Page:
Nurses working in the Health Communities (HC) directorate identify and address social determinants of health to support individual, group and community resiliency. By partnering with schools, workplaces, neighbourhoods, health and community organizations, HC Nurses:

  • Identify and address urban issues
  • Promote sexual & mental health
  • Reduce risks associated with alcohol and other drugs and substances
  • Promote and support implementation of the Healthy Schools approach
  • Support programs for children and youth that build resiliency, including support for mentoring in schools
  • Deliver health promotion programming to children, youth and families
  • Provide case management and advocacy for vulnerable populations


HC Nurses use multiple strategies that are directed toward individuals, groups, communities and or municipal government, including:

  • Health education, disease prevention, health promotion and harm reduction
  • Public policy development, implementation and advocacy initiatives
  • Community engagement and capacity building
  • Home visiting and short-term case management


Omolayo, Health Communities Nurse

'As a PHN working on the Vulnerable Adults and Seniors Team, I assess and connect isolated clients with community supports and services. What I appreciate most in my work is the opportunity to stand in the gap and speak on behalf of vulnerable clients who cannot advocate for themselves.' 



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Child Health and Development

The nurses in Child Health and Development foster the potential of Toronto's children through excellence, leadership and innovation. and are working together to put children firs in three program streams: Healthy Babies Healthy Children, Reproductive and Infant Health, and Early Years.

Healthy Babies Healthy Children

Nurses working in the HBHC stream work alongside Family Home Visitors to promote healthy child growth and development by:

  • home visiting during the prenatal, postpartum and parenting period aiming to promote healthy pregnancies and parent-child relationships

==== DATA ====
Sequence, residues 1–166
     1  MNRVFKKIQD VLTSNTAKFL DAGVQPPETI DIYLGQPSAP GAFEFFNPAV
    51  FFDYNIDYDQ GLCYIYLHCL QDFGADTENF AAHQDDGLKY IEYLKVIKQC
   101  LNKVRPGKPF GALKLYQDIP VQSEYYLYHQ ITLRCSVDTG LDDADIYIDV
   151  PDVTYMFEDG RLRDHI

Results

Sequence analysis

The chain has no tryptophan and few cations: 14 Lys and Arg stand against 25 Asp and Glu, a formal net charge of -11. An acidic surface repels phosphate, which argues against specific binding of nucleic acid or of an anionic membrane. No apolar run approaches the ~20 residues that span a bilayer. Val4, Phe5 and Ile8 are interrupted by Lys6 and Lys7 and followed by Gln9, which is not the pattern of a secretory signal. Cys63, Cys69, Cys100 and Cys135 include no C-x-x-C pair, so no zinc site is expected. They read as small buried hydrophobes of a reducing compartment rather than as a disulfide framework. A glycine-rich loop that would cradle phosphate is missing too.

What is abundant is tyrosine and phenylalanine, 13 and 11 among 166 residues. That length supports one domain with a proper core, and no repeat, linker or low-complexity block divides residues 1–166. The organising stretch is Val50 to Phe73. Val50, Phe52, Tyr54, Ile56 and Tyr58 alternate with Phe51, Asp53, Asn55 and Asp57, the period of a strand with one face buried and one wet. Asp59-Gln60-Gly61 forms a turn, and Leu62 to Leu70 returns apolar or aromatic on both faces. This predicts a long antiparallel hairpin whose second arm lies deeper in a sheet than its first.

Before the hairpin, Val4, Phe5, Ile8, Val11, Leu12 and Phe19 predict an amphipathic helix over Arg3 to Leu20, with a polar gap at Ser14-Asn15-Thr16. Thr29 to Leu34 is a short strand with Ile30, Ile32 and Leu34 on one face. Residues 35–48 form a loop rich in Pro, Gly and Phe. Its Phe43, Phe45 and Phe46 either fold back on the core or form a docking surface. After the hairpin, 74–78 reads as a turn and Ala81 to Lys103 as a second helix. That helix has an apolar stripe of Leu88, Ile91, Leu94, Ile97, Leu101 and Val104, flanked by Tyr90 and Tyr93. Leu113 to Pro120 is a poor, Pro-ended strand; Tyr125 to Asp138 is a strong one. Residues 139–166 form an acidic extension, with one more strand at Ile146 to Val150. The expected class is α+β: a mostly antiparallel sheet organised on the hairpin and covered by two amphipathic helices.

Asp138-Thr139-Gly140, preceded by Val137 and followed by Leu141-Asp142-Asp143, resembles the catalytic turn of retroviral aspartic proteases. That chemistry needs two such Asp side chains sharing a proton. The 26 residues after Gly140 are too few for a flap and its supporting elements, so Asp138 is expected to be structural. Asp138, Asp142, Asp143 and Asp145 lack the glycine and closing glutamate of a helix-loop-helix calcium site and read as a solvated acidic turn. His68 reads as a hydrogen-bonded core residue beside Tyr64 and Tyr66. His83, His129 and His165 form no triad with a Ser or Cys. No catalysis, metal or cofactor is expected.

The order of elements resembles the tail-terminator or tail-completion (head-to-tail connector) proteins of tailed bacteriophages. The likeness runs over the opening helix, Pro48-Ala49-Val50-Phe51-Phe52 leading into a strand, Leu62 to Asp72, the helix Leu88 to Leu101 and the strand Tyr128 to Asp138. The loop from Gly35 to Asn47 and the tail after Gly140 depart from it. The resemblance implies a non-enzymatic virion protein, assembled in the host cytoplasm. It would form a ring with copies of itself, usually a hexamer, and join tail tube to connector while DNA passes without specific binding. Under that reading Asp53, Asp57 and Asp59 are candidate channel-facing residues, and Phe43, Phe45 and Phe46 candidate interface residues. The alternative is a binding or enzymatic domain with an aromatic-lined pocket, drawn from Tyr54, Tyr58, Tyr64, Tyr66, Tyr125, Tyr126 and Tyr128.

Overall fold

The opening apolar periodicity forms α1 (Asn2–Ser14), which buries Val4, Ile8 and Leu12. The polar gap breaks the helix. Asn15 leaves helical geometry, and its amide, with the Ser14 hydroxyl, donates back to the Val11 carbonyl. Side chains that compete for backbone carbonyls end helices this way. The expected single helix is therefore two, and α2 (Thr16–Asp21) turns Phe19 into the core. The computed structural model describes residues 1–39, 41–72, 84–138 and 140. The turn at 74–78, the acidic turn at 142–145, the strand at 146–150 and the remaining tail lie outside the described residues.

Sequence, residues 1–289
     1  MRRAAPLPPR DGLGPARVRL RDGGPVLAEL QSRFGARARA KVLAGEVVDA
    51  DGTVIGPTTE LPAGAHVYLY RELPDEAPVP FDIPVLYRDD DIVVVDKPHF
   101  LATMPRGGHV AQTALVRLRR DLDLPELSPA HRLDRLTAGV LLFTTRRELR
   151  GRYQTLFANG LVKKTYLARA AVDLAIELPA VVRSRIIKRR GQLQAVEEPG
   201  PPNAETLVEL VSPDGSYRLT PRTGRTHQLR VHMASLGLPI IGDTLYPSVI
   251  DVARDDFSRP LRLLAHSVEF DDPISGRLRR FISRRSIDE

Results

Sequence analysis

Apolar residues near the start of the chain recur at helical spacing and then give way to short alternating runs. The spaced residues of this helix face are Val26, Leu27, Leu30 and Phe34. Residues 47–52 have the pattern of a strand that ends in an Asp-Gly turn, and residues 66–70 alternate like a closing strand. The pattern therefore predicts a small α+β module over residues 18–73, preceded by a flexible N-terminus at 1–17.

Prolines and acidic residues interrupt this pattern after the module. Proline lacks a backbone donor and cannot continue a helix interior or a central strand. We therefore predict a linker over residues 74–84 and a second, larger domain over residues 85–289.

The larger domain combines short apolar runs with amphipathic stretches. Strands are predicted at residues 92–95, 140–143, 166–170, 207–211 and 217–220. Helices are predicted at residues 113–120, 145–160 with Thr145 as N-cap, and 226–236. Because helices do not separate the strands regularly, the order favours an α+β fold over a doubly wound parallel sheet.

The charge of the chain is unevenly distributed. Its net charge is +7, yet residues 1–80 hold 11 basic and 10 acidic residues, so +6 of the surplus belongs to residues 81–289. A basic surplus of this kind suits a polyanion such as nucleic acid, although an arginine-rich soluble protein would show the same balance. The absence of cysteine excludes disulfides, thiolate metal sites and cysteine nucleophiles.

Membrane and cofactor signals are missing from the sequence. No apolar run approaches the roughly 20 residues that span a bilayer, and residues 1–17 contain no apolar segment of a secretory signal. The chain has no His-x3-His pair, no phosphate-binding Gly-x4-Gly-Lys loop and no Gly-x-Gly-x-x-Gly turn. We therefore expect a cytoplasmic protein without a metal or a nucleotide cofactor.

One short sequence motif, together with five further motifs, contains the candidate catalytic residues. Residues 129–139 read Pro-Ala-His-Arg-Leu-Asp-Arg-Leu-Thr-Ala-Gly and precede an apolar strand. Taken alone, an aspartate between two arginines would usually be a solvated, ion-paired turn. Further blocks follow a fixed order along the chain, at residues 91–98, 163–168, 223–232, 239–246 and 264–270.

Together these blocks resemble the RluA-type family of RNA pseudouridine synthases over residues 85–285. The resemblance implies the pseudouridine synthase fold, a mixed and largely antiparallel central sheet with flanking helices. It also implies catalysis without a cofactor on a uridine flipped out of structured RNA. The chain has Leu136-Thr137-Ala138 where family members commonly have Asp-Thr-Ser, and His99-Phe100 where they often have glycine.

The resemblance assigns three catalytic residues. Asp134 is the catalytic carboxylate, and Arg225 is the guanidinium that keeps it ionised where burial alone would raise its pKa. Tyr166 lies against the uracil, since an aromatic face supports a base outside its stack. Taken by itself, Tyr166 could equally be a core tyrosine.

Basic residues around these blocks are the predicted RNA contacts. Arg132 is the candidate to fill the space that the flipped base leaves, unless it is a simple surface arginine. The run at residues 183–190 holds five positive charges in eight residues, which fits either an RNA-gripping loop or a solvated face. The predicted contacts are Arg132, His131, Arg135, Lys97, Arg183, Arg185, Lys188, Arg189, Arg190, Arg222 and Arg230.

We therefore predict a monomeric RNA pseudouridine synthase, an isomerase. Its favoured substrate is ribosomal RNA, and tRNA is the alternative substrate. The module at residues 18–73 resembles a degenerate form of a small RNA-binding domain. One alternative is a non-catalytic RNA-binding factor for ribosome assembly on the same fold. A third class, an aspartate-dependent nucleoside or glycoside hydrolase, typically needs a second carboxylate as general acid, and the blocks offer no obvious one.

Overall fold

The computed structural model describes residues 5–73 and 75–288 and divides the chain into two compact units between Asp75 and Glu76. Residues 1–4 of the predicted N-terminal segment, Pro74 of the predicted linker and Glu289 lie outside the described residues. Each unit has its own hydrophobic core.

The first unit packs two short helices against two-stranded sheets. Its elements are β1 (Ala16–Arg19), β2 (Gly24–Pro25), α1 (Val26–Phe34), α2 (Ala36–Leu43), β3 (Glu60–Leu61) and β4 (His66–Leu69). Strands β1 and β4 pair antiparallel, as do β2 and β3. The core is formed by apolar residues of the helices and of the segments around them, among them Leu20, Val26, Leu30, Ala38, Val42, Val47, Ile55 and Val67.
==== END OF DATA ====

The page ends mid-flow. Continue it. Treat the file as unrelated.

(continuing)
• establishing theraputic relationships with clients using assessment, intervention and advocacy strategies
  • collaborating with community partners through service coordination to improve access and referral to community programs and resources

Reproductive and Infant Health (RIH)

Nurses working in the RIH stream engage in programs and services focused on:

  • preconception health
  • pregnancy 
  • breastfeeding and infant feeding support 
  • perinatal emotional adjustment 
  • policy development for safe environments for young children

Early Years

Nurses in the Early Years stream deliver early learning and child development services such as:

  • screening and assessment of young children for early identification of health and development concerns
  • parenting education groups, resources, policy and advocacy
  • social media and health promotion campaigns related to child health and development
  • services and support for nutrionally at-risk children and families


Nancy, Health Families' Nurse

'I am proud to be a Public Health Nurse with such a well respected organization like Toronto Public Health. The use of current evidence-based research, the availability of educational opportunities, and the support of management have enhanced my nursing practice and have resulted in professional and personal growth.'


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Welcome from Carol Timmings, Chief Nursing Officer